It is a beautiful 2 hours drive from Paro to Thimpu, along the Wang Chhu ( river) and you can stop to buy the fresh fruits, churpis ( if you have the taste and teeth for it) etc from the road side stalls. But NOooooo, the Thimpu of my parents' days, with those quaintly carved stone houses, forests that ended almost at your fence had changed. It looked like an ugly, concrete mess mushrooming haphazardly where ever it found some space. The malls and the hotels were an eye sore. Only one night here and no more I decide. Yes, there are some nice places to see like the Trashi Chhoe Dzong, the National Institute of Traditional Medicine, Mini-Zoo, the Institute of 13 Art forms of Bhutan ......

The last seemed the most interesting to me. And we head to see it. Yes, they are still done by hand with lots of respect and dedication and the artists still earn a lot of reverence if not money. I try to spent sometime talking with the students, wondering if I am an intruder.....but they are polite and with again that infectious smile that follows you so often, they explain to me with patience the art, its intricacies and the years of labour it requires to master it. They give a throaty laugh when I tell them how clumsy and hopeless I can be in art....and say everyone has something within as the creator cannot create anyone without leaving a piece of that within the person. I give them a smile, if it was a joke, I love it....and if it was the truth...i love it more.
And with that sheepish smile still on my face I continue admiring the art forms.

1. Dezo or the art of hand made paper making,  made mainly from the Daphne plant and gum from a creeper root.
2. Dozo or Stonework or Stone arts used in the construction of stone pools and the outer walls of dzongs, goenpa (monasteries), stupas etc.
3.Garzo, the Blacksmithing used to make everyday items such as farm tools, knives, swords, and utensils.
4.Jinzo  or the Clay arts used to make those beautiful religious statues and ritual objects, pottery and the construction of buildings using mortar, plaster, and rammed earth.
5.Lhazo or Painting one sees on thangkas (religious wall hangings), walls paintings, and statues to the decorations on furniture and window-frames.
6.Lugzo, the  Bronze casting learnt to produce bronze roof-crests, statues, bells, and ritual instruments, in addition to jewelry and household items using sand casting and lost-wax   casting. Larger statues are made by repoussé.

7.Parzo - Wood, slate, and stone carving used for printing blocks for religious texts, masks, furniture, altars, and the slate images adorning many shrines and altars.
8.Shagzo or Wood turning for making a variety of bowls, plates, cups, and other containers.
9.Shingzo the Woodwork in the construction of dzongs and goenpa (monasteries)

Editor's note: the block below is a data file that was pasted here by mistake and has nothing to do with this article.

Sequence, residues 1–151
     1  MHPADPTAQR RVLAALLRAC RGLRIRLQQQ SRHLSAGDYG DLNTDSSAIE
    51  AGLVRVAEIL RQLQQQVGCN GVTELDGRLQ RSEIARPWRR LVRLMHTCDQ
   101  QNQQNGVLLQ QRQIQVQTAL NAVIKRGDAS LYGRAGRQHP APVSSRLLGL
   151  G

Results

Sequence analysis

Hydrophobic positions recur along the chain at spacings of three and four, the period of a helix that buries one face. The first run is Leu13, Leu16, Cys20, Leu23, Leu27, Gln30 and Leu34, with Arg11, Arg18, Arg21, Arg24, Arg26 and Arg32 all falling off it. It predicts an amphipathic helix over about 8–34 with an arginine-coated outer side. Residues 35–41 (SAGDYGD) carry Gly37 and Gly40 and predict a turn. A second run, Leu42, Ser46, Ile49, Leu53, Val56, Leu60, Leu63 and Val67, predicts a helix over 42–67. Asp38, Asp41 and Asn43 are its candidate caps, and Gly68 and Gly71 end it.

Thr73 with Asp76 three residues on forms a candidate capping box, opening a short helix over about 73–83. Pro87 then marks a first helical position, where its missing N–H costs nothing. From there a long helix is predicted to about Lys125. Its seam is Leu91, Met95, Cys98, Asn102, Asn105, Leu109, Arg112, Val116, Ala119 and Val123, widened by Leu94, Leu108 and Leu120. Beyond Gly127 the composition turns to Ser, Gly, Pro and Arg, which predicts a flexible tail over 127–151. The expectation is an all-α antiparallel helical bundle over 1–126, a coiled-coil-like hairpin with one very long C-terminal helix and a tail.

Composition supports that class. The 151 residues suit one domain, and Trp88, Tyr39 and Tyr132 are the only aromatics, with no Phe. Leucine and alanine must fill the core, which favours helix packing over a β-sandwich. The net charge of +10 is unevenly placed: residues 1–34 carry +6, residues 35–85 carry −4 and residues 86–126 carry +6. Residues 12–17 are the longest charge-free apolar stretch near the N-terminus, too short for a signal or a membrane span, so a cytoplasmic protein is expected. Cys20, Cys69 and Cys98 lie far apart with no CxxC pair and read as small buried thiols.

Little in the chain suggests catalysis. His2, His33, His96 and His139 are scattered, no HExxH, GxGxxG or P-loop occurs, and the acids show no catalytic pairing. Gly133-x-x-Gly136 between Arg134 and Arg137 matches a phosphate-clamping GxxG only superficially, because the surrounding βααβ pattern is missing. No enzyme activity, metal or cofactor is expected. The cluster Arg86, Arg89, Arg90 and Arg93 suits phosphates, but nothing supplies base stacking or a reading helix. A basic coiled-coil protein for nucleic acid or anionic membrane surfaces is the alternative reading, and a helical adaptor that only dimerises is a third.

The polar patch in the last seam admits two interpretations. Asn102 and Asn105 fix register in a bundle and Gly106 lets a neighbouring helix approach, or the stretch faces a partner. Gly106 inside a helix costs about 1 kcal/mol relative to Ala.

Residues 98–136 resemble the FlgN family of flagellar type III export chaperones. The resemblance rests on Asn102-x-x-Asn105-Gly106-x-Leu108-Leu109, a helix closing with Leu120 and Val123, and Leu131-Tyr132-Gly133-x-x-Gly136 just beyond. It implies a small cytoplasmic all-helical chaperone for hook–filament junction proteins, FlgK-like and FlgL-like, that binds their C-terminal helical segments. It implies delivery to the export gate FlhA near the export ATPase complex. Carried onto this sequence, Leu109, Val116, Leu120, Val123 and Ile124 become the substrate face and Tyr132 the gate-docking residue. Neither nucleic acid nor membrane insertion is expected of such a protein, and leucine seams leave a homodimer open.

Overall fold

10.Thagzo - Weaving: The production of some of the most intricately woven fabrics produced in Asia.
11.Trözo - Silver, Copper and Goldsmithing make jewelry, ritual objects, and utilitarian household items.
12.Tshazo - Cane and Bamboo Work: The production of such varied items as bows and arrows, baskets, drinks containers, utensils, musical instruments, fences, and mats.
13.Tshemazo – Needlework to make clothes, boots, or the most intricate of applique thangkas (religious wall hangings).

We go to The Telecom centre to get the view of Thimpu town.....and yes, it is a beautiful valley you notice and can give some wonderful night shots. But I am in a mood to race M down the road and J has to find a Prado by night for the long journey to Bumthang we have planned for the next day.

Bhutan has many and various kinds of SUVs but peak season and yes, you need to really work for it. We did and the next morning I see the Prado parked outside the hotel and M gets so excited he baptizes it with a new name the Beast.
After J's spinal injury he needs a comfortable vehicle to do long distances and the Beast was just right.
The journey begins and as soon as you reach the outskirts of Thimpu town, the apple orchards, forests of blue pine and mountains become your companions. Goempas and lakhangs are numerous on the route but we decide not to do too many lest we become " goempa fatigued".

 So our first stop is at Dochu La ( 3140mts) marked by an array of prayer flags of all hue and 108 chortens. A place I fell in love with instantly. Imagine oneself sitting on the steps or the green grass amidst the silence of chortens and watching the snow-capped Bhutan Himalayas.

Yes, things that give you the real peace or pleasure can not be bought by money; they are simply priceless. I do not know how long I sat there.....soaking the beauty,listening to the whispers of the prayers carried by the winds with each flutter of the flags, unconcerned about the occasional noise of vehicle crossing by.

But if you can drag yourself away from the chortens and still want the view with some warm delicious coffee then drive up to the cafeteria a few metres ahead. They serve meals, beverages and sell souvenirs, and some of the 13 art forms of Bhutan. Yes the art do not come cheap. So I had to do with just admiring and dreaming of being rich one day.